Being Imperfect In A Perfect World

F28c4835c9e2277b6e04b86574532a2d?s=47 Abizer Nasir
September 21, 2016

Being Imperfect In A Perfect World

Just some thoughts on the choices we make about the patterns we use in development.

Presented at NSBarcelona September 2016

F28c4835c9e2277b6e04b86574532a2d?s=128

Abizer Nasir

September 21, 2016
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Transcript

  1. 4.

    !

  2. 5.

    OUR WORLD ▸ Nothing works? ▸ Autolayout, View hierarchies, Threading,

    Networking, Dependencies... ▸ PC Load Letter?! (If you’ve seen Office Space, you know what this means)
  3. 6.

    !

  4. 8.

    !

  5. 9.

    TEMPTATIONS ▸ I’m having problems with this, maybe I should

    try... ▸ My friend said X is awesome, I’m going to use it! These are not necessarily bad, but doing things in the heat of the moment is usually a bad idea.
  6. 10.

    MY BACKGROUND ▸ I’ve been a professional programmer since 2010.

    ▸ I’ve always been a contractor. ▸ I’ve worked day rate and hourly. ▸ I’ve worked solo and in teams. ▸ I’ve spent 12 months pair programming.
  7. 12.
  8. 13.
  9. 14.
  10. 15.
  11. 16.

    There is nothing wrong with doing things the easy way,

    as long as you do it by choice, not just because...
  12. 18.

    !

  13. 20.

    WE LEARN TO RECOGNISE SMELLS, WITH PRACTICE AND INTUITION ▸

    Repeated code. ▸ Leaky abstractions. ▸ UserDefaults used to store state. ▸ AppDelegate used as a Singleton.
  14. 21.

    MVC

  15. 22.

    MVC ▸ The first pattern we learned as developers ▸

    Used almost everywhere, but it is not the only pattern. ▸ Massive View Controller
  16. 24.
  17. 26.
  18. 28.
  19. 29.

    We don’t have to do this sort of thing. We

    can if we want to, but we don’t have to. This isn’t the Perfect World that was sold to us. Nothing is perfect. We have to find a way to live in the imperfect world.
  20. 30.

    REMEMBER WHEN I SAID I WAS A CONTRACTOR? ▸ The

    code I’m working on is usually not started or finished by me. ▸ I don’t want to leave someone else with the constraints I’ve chosen. ▸ I tend to avoid clever code. I use what the system provides as much as possible. ▸ I started working on my own, not in a team, which is why I have opinions.
  21. 31.

    I LIKE TO KEEP THINGS SIMPLE ▸ I use MVC,

    The observer pattern, façade, Dependency Injection. ▸ Probably a whole lot of other patterns that I don’t know the names of - I’m not Computer Science educated. ▸ I avoid third party omni dependencies. ▸ I try and use third party code that I understand and can fix. ▸ I sound like an Apple fanboi.
  22. 32.

    TESTING MODELS AND VIEW CONTROLLERS? ▸ I use dependency injection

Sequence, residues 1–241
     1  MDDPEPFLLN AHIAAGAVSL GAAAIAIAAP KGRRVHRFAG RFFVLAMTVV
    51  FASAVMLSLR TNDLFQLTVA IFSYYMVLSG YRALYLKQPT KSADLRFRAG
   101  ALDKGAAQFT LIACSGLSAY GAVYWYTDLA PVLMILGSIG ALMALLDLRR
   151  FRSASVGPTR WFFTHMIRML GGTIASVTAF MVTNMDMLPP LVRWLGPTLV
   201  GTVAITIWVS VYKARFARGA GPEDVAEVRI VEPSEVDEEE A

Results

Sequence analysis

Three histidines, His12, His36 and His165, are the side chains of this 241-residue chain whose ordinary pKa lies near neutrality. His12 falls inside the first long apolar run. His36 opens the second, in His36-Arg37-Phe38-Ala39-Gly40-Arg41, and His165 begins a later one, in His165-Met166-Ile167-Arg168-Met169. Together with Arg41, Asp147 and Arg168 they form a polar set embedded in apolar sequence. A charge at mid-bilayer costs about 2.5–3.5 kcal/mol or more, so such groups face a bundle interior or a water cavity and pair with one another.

and TDD. ▸ Swift is really handy for default parameters that allow injection for tests. ▸ I live without 100% test coverage.
  23. 33.

    VIEW CONTROLLERS DO TOO MUCH? ▸ A view controller is

    supposed to control a view. ▸ Everything else can get passed off. ▸ Delegation (or even closures) for performing work related to views. ▸ Data sources don’t have to be in the view controller. ▸ Having separate subsystems makes them easier to test.
  24. 34.

    TOO MUCH GLUE CODE FOR INTERACTIONS? ▸ Swift makes this

    easier with property observers. ▸ There’s also Key-Value Observing for NSObject based classes. ▸ The functional paradigm that made MVVM and Reactive attractive to me are now available in Swift. ▸ I use Core Data - plenty of change notifications there.
  25. 36.
  26. 37.

    When the time comes to learning them, remember they are

    just MVC in different clothes - there is a defined flow of data and responsibilities.
  27. 38.

    If you work in a team, get them on board,

    make sure they are enthusiastic, or you’ll spend most of your time justifying your choices rather than using them.
  28. 39.

    You don’t have to use them everywhere, You can use

    a different pattern for different flows - You have a nose!
  29. 40.

    It’s a good idea to actually try them in a

    play project. Just remember - real apps live in an imperfect world.
  30. 41.

    !

  31. 42.
  32. 44.

    THE GOOD ▸ No more breaking changes. ▸ Simpler, right

    now it’s not easier !. ▸ It’s the future. And I don’t just mean our platforms.
  33. 45.

    THE BAD ▸ A lot of examples and blog posts

    are in the perfect world: ▸ JSON Parsers. ▸ Autolayout DSLs. ▸ Generics make code simple, harder to understand at first. ▸ Lot’s of new names, who do you believe?
  34. 46.

    THE UGLY ▸ It’s still not done yet. ▸ Open

    Source, will we see design by committee? Forks?
  35. 48.

    SUMMARY ▸ Code, examples, talks, all speak of a perfect

    world. ▸ Our daily work has to survive in the imperfect world. ▸ Don’t just believe the hype. You’ve developed engineering skills: use them.